Golden State’s biggest off-season acquisition? Defense.
by Ryan McNeill / @ryanmcneill
The Golden State Warriors have raced out to a 5-2 record this season due to an improved effort on the defensive end and out-rebounding their opponents.
Yes, this is the same franchise that ranked among the five worst defensive teams in the NBA the past four seasons.
It turns out all the franchise needed was for Don Nelson to step aside and hand the reigns over to Keith Smart while the front office quietly added a couple of key pieces over the summer.
“This year we have a different team for the most part,” Smart admitted to the media earlier this week while the team was in Toronto. “We have two guys coming back into the fold of a team that rebounds the ball well. Now we have guys understanding their roles and understanding their rotations on the defensive end. We’ve worked on it we’re seeing some really positive things right now.”
A Warriors team that has spent time working on defense? You could have knocked the members of the media over with a feather when they heard this bold claim.
But, after talking with the coaching staff and players, it became clear that everyone associated with the team this season is willing to dedicate a lot of time to getting better on the defensive end. That has meant countless hours in practice working on schemes and then players have followed this up with individual meetings with coaches going over game tape.
This newfound focus on defense began in training camp when Smart realized this team had the potential to have success on the defensive end.
“There was a moment in training camp that I saw a flash of potential,” Smart explained. “There was moment where we were in transition and everybody got back. Everyone sorted out their players. Everyone contested the shot and went in and got the rebound. That was the moment I think everything came together and then we just kept developing from there.”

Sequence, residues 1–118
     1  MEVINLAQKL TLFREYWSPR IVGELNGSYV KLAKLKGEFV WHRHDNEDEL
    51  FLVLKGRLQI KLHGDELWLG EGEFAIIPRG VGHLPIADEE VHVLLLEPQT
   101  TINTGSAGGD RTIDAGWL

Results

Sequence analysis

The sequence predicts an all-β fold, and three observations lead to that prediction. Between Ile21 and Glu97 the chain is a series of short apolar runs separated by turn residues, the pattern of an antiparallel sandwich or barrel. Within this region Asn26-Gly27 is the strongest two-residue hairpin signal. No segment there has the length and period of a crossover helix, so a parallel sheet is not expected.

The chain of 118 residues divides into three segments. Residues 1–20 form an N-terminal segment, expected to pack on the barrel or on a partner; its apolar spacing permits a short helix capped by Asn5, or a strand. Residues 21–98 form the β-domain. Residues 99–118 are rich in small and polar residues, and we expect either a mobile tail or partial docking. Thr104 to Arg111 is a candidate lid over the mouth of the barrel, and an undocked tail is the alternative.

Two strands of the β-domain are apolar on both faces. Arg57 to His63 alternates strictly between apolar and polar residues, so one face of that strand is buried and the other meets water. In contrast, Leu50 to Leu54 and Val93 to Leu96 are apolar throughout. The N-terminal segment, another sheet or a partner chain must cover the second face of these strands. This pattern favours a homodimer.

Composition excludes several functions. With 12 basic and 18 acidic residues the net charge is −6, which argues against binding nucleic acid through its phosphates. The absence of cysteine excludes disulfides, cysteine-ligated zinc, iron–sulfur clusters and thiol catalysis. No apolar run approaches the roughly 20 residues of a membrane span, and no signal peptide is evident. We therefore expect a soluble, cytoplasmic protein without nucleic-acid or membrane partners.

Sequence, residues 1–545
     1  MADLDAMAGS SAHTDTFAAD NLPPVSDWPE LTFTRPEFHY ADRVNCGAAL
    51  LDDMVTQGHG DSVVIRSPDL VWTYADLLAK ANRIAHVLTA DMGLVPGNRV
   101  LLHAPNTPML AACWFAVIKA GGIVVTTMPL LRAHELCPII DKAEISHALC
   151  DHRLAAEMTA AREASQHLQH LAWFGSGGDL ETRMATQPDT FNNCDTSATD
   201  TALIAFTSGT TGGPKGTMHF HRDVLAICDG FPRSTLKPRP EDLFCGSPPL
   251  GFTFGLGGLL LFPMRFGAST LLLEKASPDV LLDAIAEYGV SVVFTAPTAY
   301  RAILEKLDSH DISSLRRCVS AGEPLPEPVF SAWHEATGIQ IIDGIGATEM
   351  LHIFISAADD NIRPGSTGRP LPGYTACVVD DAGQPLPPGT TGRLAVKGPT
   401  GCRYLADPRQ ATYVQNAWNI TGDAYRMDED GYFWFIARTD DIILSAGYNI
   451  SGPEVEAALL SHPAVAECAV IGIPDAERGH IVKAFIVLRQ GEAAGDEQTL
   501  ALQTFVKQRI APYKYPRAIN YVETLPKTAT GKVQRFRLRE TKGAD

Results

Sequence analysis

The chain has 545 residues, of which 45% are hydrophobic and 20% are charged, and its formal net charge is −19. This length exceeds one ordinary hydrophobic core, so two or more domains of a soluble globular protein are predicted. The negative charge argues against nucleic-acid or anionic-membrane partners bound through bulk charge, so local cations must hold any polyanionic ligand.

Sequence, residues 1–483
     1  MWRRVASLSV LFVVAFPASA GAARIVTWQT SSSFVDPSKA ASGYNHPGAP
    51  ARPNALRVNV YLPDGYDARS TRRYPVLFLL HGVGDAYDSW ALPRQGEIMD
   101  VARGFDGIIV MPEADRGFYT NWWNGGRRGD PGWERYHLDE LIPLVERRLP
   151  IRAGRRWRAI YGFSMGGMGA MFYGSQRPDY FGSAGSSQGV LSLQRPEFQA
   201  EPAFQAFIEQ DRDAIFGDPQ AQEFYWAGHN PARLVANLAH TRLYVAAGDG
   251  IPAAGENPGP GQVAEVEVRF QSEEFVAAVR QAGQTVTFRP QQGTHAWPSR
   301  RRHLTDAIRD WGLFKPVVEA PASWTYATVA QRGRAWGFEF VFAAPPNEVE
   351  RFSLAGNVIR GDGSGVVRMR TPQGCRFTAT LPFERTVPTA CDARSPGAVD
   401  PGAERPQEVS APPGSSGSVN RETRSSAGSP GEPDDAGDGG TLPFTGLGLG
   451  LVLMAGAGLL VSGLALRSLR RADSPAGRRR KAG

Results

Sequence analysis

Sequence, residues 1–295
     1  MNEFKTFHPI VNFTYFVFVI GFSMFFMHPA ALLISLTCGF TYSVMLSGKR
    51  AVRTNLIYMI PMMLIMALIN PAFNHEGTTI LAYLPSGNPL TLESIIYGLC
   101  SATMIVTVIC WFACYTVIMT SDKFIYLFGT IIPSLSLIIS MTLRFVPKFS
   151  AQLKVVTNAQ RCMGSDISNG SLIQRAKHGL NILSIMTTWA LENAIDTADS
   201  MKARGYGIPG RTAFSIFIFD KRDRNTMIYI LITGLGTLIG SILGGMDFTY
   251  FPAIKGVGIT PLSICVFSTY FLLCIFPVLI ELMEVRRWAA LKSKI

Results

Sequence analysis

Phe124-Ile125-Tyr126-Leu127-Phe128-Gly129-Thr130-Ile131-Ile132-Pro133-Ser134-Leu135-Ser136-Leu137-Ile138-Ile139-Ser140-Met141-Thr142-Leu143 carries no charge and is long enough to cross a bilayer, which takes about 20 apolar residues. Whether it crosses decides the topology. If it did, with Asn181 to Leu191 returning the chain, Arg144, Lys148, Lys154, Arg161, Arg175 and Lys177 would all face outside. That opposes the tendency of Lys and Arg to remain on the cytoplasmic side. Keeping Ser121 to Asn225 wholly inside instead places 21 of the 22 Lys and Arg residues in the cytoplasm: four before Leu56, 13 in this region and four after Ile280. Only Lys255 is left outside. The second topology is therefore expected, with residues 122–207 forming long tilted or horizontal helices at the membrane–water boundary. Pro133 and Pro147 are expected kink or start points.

But, if Smart is going to be completely honest, the seeds of this defensive mindset were sowed before training camp even started and the coaching staff started to install their defensive philosophies.
“I saw it when our guys first started coming back,” Smart admitted. “The guys came back for training camp before Labor Day for some pre-workouts. As they started working together you started seeing some things they were doing naturally without any coaching. Then as we moved into training camp they were buying into the amount of time spent on defense. We were spending 25-35 minutes on just defense. There wasn’t long faces or guys complaining, ‘Oh, here we go again.’ They were actively engaged in it. The guys have bought into the time you have to put into defense in the film room and individual study with coaches.”
It’s one thing to want to play defense, it’s another thing to have the kind of players who are good defenders. Luckily for Smart, the Warriors the roster is full of players who have the physical attributes to be solid defenders and take away passing lanes.
Not only that, but the team has come out with a new focus on cleaning the glass that is paying huge dividends.
“It also helps that our rebounding is improved this year,” Curry added. “We have a frontline that is dominating the boards so if we get one stop we know they’ll get the rebound. It helps to know we won’t have to keep working on defines because they are getting multiple attempts.”
The marquee addition to their frontcourt, David Lee, was quick to admit a lot of their success on defense is due to players wanting to get gritty and make key stops.
“It’s one thing to have the horses on defense, it’s another thing to be successful and execute it,” Lee told the media after a win against Toronto. “We’ve been doing a great job of flying around [the defensive end]. Anybody who comes into the game has been doing a great job on the defensive end and it’s made up for the fact that we haven’t played incredibly well on offense.”
The fact the Warriors’ success is due to their defense is almost as shocking as the fact they are 5-2 to start the season despite the fact their offense is sputtering early on.
But, if the team continues to buy into Smart’s philosophies, they might be able to make some noise in the Western Conference this season.